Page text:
• Subdural hematomas, traumatic subarachnoid hemorrhage, and intraparynchymal hemorrhage each can result from traumatic injuries, but typically do not have a lucid interval.


Traumatic brain injury is widely variable in type, severity, and associated injuries. Primary injury includes direct injury of brain parenchyma from contusion, shearing, or penetrating injury from bone or foreign body. Secondary injury is defined as tissue damage that is caused by ischemia, edema, and inflammation that leads to transient or more permanent brain dysfunction. Secondary injury is exacerbated by vascular injury, hypoventilation, and associated cardiovascular events with or without intracranial hypertension (ICH).

Differential Diagnosis

  • Rupture of pre-existing arteriovenous malformation or aneurysm

  • Chronic subdural hematoma

Immediate Management

  • Assess the patient’s airway, breathing, and circulation. Intubate the trachea and initiate mechanical ventilation if indicated. Note: If intubation of the trachea is indicated in a patient with a cervical spine injury, a technique that maintains spinal alignment (e.g., in-line cervical spine stabilization or fiberoptic intubation) must be used.

  • Provide supplemental oxygen if needed to avoid hypoxemia.

  • Rapidly examine the patient to identify additional life-threatening injuries.

  • Resuscitate the patient with normal saline or, if indicated, blood products. (Note: If massive transfusion is indicated for other injuries, consider infusing packed red blood cells, platelets, and fresh-frozen plasma in a 1:1:1 ratio.)

  • The cerebral perfusion pressure should be at least 60 mm Hg. Use vasopressors as necessary to achieve this goal (e.g., phenylephrine 100 mcg IV bolus or 0.5–1 mcg/kg/min). If ICH is suspected, increase the systemic blood pressure as needed to maintain CPP.

  • Administer mannitol 0.5–1.0 g/kg if ICH is suspected in the absence of disruption of blood-brain barrier.

  • If required, adjust mechanical ventilation to maintain PaCO2 30–35 mm Hg.

  • Request a consultation from the neurosurgic team to plan definitive therapy, including the need for ICP monitoring, CSF drainage, or emergency craniotomy.

Diagnostic Studies

  • Plasma electrolytes, complete blood count, coagulation profile

  • Arterial blood gas analysis as necessary to guide ventilator management

  • Computed tomography of the brain with and without contrast; cervical spine CT (to rule out concomitant cervical spine injury)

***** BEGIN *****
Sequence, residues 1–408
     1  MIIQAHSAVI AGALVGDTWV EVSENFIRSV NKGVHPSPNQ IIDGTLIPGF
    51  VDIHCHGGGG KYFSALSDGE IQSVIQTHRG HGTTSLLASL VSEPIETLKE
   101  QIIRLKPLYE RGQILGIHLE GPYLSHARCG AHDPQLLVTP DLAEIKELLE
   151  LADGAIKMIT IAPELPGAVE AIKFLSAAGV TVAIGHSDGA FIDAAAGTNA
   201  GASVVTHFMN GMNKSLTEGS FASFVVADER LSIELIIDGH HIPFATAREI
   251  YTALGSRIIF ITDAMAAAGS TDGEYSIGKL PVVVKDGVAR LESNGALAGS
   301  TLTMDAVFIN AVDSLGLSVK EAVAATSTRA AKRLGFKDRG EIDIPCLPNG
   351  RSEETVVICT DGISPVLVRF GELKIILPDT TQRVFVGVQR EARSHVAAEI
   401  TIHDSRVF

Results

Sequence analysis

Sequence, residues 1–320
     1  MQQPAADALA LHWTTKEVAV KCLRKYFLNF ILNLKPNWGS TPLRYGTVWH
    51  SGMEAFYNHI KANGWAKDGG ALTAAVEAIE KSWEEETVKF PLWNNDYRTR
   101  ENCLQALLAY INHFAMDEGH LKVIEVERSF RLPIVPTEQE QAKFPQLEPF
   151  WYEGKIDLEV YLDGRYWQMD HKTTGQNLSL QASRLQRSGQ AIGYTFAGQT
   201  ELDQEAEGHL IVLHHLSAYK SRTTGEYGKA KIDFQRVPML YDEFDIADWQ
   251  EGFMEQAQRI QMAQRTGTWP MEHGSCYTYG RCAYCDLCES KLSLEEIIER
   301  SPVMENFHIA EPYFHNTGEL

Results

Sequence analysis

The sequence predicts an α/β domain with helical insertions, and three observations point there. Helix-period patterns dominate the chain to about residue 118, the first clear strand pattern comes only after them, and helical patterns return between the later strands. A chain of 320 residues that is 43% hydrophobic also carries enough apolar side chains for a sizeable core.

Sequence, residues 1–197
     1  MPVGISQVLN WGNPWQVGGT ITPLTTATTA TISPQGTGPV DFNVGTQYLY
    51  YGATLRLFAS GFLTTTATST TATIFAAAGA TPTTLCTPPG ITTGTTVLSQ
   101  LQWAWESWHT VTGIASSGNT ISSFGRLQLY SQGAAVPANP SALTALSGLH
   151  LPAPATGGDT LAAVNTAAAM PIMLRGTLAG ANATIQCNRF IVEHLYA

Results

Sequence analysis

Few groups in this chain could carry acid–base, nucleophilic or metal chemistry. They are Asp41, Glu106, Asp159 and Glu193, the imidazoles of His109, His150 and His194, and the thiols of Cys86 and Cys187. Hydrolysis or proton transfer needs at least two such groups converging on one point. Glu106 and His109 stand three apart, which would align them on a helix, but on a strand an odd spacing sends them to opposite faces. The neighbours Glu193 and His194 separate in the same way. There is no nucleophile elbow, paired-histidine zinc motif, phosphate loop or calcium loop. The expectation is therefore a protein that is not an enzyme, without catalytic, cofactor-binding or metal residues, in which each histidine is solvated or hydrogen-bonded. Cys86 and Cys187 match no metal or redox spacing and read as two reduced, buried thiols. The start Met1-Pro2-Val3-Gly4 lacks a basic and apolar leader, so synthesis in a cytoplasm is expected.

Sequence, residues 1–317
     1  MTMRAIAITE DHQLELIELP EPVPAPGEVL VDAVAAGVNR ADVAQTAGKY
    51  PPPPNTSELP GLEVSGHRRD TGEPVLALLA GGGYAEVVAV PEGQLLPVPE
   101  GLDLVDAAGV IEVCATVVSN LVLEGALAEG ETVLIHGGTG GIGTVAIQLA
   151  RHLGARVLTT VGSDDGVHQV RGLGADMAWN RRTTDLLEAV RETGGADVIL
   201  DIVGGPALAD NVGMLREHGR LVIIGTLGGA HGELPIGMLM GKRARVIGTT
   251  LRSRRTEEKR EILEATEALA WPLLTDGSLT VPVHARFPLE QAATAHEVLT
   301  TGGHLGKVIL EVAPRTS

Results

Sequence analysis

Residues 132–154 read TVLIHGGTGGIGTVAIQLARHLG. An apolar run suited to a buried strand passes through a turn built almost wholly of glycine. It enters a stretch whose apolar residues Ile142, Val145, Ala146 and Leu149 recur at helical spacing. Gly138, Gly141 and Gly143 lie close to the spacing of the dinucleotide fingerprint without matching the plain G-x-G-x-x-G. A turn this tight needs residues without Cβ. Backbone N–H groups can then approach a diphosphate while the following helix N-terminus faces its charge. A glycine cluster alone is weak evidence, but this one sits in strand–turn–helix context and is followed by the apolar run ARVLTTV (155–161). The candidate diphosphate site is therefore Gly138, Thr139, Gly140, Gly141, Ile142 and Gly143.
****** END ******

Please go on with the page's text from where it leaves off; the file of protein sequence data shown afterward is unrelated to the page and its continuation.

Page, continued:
• Worsening symptoms or level of critical illness will guide the clinician’s need for further diagnostic studies.

  • Note: Diagnostic studies should not delay urgent surgical intervention.

Subsequent Management

  • Continue supportive care.

  • Periodically re-evaluate the patient for injury progression; changes in neurologic status guide diagnostic studies and surgical referral.

  • Consider insertion of a ventriculostomy catheter to facilitate CSF drainage and control of ICH.

  • If appropriate, early referral to rehabilitation offers the patient the best chance for improvement of neurologic deficits resulting from the injury.

Risk Factors

  • Younger age and male gender

  • Pre-existing coagulopathy increases risk of delayed neuronal deficits.

  • Age >60 years increases risk of SDH.


Avoidance of risk-taking behavior

Special Considerations

  • Suspect ICH if the patient has an altered mental status or symptoms such as headache, nausea, vomiting, or visual changes.

  • Suspect an epidural hematoma if the patient presents with a depressed skull fracture in the temporal-parietal region with trauma to the middle meningeal artery.

  • Subdural hematomas are classified as acute or chronic; acute hemorrhage is more likely to progress quickly to ICH and neurological deterioration. A chronic subdural hematoma progresses more slowly and is less likely to result in acute changes in ICP.

  • Glucose-containing solutions should be avoided to reduce hyperglycemia, which is associated with poorer outcomes.

  • Guidelines for surgical decompression include midline shift >5 mm, fixed pupils, ICP >20 mm Hg, hematoma thickness >1 cm, or severe mental status impairment.

  • High-dose corticosteroids and mild hypothermia have not been shown to improve outcomes and are not indicated.

  • Progesterone holds promise for improving neurologic outcome following traumatic brain injury, but is still considered experimental at this time.

Further Reading

Brain Trauma Foundation, American Association of Neurological Surgeons, Congress of Neurological Surgeons. Guidelines for the management of severe traumatic brain injury. J Neurotrauma. 2007; 24(Suppl 1): S1–S106.Find this resource:

Gravel JL, D’Angelo A, Carrière B, Crevier L, Beauchamp MH, Chauny JM, Wassef M, Chaillet N. Interventions provided in the acute phase for mild traumatic brain injury: a systematic review. Syst Rev. 2013; 2: 63.Find this resource:

Ma J, Huang S, Qin S, You C. Progesterone for acute traumatic brain injury. Cochrane Database Syst Rev. 2012; 10.Find this resource:

Venous Air Embolism